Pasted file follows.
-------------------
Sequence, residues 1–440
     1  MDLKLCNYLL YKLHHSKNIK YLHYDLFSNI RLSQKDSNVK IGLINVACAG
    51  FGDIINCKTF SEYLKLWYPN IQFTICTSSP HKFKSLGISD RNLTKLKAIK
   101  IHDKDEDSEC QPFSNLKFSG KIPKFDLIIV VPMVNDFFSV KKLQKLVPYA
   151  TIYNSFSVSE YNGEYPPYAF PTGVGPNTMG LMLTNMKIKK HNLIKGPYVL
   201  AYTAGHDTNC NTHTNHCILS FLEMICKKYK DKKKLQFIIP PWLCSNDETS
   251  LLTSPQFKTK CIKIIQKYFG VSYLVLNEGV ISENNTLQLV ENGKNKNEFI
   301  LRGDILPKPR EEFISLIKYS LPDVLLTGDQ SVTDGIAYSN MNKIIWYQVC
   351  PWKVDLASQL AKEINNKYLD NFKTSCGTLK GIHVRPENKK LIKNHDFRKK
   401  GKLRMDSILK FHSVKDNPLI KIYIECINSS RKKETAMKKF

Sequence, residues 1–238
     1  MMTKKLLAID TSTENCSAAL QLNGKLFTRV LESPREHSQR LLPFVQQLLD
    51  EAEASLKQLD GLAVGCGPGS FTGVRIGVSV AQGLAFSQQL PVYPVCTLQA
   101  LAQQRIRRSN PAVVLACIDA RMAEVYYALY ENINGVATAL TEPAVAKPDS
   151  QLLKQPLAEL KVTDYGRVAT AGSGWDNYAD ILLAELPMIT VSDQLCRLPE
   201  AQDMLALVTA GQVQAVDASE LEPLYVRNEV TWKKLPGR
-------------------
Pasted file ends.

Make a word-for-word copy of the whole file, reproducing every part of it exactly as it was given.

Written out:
Sequence, residues 1–440
     1  MDLKLCNYLL YKLHHSKNIK YLHYDLFSNI RLSQKDSNVK IGLINVACAG
    51  FGDIINCKTF SEYLKLWYPN IQFTICTSSP HKFKSLGISD RNLTKLKAIK
   101  IHDKDEDSEC QPFSNLKFSG KIPKFDLIIV VPMVNDFFSV KKLQKLVPYA
   151  TIYNSFSVSE YNGEYPPYAF PTGVGPNTMG LMLTNMKIKK HNLIKGPYVL
   201  AYTAGHDTNC NTHTNHCILS FLEMICKKYK DKKKLQFIIP PWLCSNDETS
   251  LLTSPQFKTK CIKIIQKYFG VSYLVLNEGV ISENNTLQLV ENGKNKNEFI
   301  LRGDILPKPR EEFISLIKYS LPDVLLTGDQ SVTDGIAYSN MNKIIWYQVC
   351  PWKVDLASQL AKEINNKYLD NFKTSCGTLK GIHVRPENKK LIKNHDFRKK
   401  GKLRMDSILK FHSVKDNPLI KIYIECINSS RKKETAMKKF

Sequence, residues 1–238
     1  MMTKKLLAID TSTENCSAAL QLNGKLFTRV LESPREHSQR LLPFVQQLLD
    51  EAEASLKQLD GLAVGCGPGS FTGVRIGVSV AQGLAFSQQL PVYPVCTLQA
   101  LAQQRIRRSN PAVVLACIDA RMAEVYYALY ENINGVATAL TEPAVAKPDS
   151  QLLKQPLAEL KVTDYGRVAT AGSGWDNYAD ILLAELPMIT VSDQLCRLPE
   201  AQDMLALVTA GQVQAVDASE LEPLYVRNEV TWKKLPGR